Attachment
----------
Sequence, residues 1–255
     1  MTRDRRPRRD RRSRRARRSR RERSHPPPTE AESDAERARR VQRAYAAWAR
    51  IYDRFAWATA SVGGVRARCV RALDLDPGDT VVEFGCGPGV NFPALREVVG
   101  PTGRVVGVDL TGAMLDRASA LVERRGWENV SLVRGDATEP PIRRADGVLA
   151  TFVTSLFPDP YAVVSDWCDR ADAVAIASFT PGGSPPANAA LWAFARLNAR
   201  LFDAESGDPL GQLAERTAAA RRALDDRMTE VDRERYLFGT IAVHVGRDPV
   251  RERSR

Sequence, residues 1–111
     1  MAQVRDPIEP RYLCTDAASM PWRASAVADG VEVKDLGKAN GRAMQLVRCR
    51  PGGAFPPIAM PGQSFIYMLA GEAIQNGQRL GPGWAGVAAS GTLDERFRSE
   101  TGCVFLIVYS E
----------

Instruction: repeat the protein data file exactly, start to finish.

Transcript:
Sequence, residues 1–255
     1  MTRDRRPRRD RRSRRARRSR RERSHPPPTE AESDAERARR VQRAYAAWAR
    51  IYDRFAWATA SVGGVRARCV RALDLDPGDT VVEFGCGPGV NFPALREVVG
   101  PTGRVVGVDL TGAMLDRASA LVERRGWENV SLVRGDATEP PIRRADGVLA
   151  TFVTSLFPDP YAVVSDWCDR ADAVAIASFT PGGSPPANAA LWAFARLNAR
   201  LFDAESGDPL GQLAERTAAA RRALDDRMTE VDRERYLFGT IAVHVGRDPV
   251  RERSR

Sequence, residues 1–111
     1  MAQVRDPIEP RYLCTDAASM PWRASAVADG VEVKDLGKAN GRAMQLVRCR
    51  PGGAFPPIAM PGQSFIYMLA GEAIQNGQRL GPGWAGVAAS GTLDERFRSE
   101  TGCVFLIVYS E